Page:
6. 5 out of 5

    Su (Beat.Books)

    Lo que más rescato de esta antología es la introducción. "Mujeres en la Ciencia Ficción". Me resulta tan apasionada y conocedora. incluso diría que queda chico, tengo la impresión de que Pamela Sargent podría explayarse más e incluso publicar un libro entero dedicado a ella. Motivo para una tesis quizás. Los relatos que incluyen son variados sin relación entre sí. Plumas independientes. Tengo mis favoritos como "La nave que cantaba" el poema "La niña sueña". Y algunos que no logro, todavía Lo que más rescato de esta antología es la introducción. "Mujeres en la Ciencia Ficción". Me resulta tan apasionada y conocedora. incluso diría que queda chico, tengo la impresión de que Pamela Sargent podría explayarse más e incluso publicar un libro entero dedicado a ella. Motivo para una tesis quizás. Los relatos que incluyen son variados sin relación entre sí. Plumas independientes. Tengo mis favoritos como "La nave que cantaba" el poema "La niña sueña". Y algunos que no logro, todavía entender, por ejemplo "El sexo y el Sr. Morrison" (si no me equivoco de titulo) no dejo de pensar en ese porque no le encuentro sentido. Sin duda, ha sido bueno conocer tantas autoras desconocidas.

  7. 4 out of 5

    Cocodras

    Me ha encantado. Algunos me han parecido brillantes, me han dejado con la boca abierta y sin respiración. Imaginación al poder, bien construidos, con ritmo, tensión, haciéndonos pensar sobre temas todavía actuales y alguno de estos relatos tienen ya unos cuantos años. Me han fascinado casi todos: Los habitantes del viento, La nave que cantaba, Más vasto que los imperios y más lento (en este me costó entrar, pero luego... tremendo y fascinante), Bruma, Hierba y Arena... Por mencionar algunos. Sé Me ha encantado. Algunos me han parecido brillantes, me han dejado con la boca abierta y sin respiración. Imaginación al poder, bien construidos, con ritmo, tensión, haciéndonos pensar sobre temas todavía actuales y alguno de estos relatos tienen ya unos cuantos años. Me han fascinado casi todos: Los habitantes del viento, La nave que cantaba, Más vasto que los imperios y más lento (en este me costó entrar, pero luego... tremendo y fascinante), Bruma, Hierba y Arena... Por mencionar algunos. Sé que la ciencia ficción es un género que aleja a muchas lectoras y lectores, pero esta antología va más allá del género, es literatura de la buena.

  8. 5 out of 5

    Laura Gaelx

    Como en toda antología, los relatos incluidos son muy diversos, tanto en su estilo y longitud como en su calidad. Lo que se merece cinco estrellas (o más) es la labor de curadora de Pamela Sargent. El extenso prólogo en el que repasa la presencia de las mujeres en la ciencia ficción, tanto como autoras como entre sus personajes, es impagable. Está repleto de referencias a novelas y relatos (todos previos a 1974, cuando se publica originalmente esta antología). Además, cada trabajo seleccionado Como en toda antología, los relatos incluidos son muy diversos, tanto en su estilo y longitud como en su calidad. Lo que se merece cinco estrellas (o más) es la labor de curadora de Pamela Sargent. El extenso prólogo en el que repasa la presencia de las mujeres en la ciencia ficción, tanto como autoras como entre sus personajes, es impagable. Está repleto de referencias a novelas y relatos (todos previos a 1974, cuando se publica originalmente esta antología). Además, cada trabajo seleccionado se incluye por mostrar alguna faceta de la experiencia social de ser mujer actual (o, para el caso, de la década de los 70) en su vertiente especulativa.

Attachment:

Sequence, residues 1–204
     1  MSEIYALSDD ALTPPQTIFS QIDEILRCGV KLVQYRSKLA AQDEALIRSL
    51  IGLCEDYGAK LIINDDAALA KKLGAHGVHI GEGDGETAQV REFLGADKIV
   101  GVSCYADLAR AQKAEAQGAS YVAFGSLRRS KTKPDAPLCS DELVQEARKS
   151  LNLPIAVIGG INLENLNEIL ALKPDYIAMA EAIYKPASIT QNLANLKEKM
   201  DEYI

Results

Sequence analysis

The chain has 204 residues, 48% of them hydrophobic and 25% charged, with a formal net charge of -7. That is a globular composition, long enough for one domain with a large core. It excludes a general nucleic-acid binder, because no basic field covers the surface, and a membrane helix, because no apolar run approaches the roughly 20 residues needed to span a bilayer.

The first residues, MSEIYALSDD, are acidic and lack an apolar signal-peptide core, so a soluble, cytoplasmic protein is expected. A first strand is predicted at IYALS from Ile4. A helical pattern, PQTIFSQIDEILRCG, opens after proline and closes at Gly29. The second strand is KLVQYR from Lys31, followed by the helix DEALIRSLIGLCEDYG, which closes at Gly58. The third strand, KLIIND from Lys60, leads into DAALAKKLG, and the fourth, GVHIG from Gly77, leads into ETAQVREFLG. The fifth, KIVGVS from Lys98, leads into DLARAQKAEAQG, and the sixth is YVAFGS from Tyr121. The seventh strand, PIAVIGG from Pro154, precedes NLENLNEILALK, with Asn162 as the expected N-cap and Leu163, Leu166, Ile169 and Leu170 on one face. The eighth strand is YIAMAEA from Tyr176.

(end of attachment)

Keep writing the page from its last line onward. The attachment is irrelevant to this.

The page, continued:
9. 5 out of 5

    Jose Antonio Granado

    Recopilación de relatos de la época de la "Nueva Ola", todos de geniales autoras y todos impregnados de esa "rareza" que podemos encontrar en los relatos de los 60-70 de ciencia ficción. La calidad es altísima y le quito una estrella simplemente porque por mi culpa no he sabido conectar al 100% con alguna de las historias. Para mi gusto han destacado por encima del resto los relatos de Le Guin, Vonda McIntyre, Joanna Russ y el de Ann McCaffrey.

  10. 5 out of 5

    Carla B. Estruch

    La reseña del prólogo de Pamela Sargent ya la tenéis en Fábulas estelares y espero reseñar pronto los cinco relatos que más me han gustado. Cathurya los ha reseñado todos, por si os interesa.

  11. 5 out of 5

    Omaira

    Reseña completa a falta de caracteres

  12. 5 out of 5

    Jan Priddy

    I love this collection for introducing me to a number of wonderful writers. For introducing me to Vonda McIntyre alone, this book was invaluable.

  13. 5 out of 5

    Warwick Stubbs